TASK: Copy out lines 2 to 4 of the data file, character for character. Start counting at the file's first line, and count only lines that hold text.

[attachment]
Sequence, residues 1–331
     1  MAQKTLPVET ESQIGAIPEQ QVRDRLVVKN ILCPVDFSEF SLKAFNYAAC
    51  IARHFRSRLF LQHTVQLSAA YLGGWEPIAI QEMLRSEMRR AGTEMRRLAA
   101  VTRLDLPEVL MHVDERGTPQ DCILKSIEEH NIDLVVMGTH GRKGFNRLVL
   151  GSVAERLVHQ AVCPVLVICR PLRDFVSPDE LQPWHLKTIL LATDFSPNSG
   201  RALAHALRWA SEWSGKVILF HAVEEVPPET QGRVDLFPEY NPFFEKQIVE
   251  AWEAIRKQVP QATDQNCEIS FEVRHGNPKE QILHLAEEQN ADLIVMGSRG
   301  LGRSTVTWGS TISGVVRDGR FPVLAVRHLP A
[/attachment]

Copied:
     1  MAQKTLPVET ESQIGAIPEQ QVRDRLVVKN ILCPVDFSEF SLKAFNYAAC
    51  IARHFRSRLF LQHTVQLSAA YLGGWEPIAI QEMLRSEMRR AGTEMRRLAA
   101  VTRLDLPEVL MHVDERGTPQ DCILKSIEEH NIDLVVMGTH GRKGFNRLVL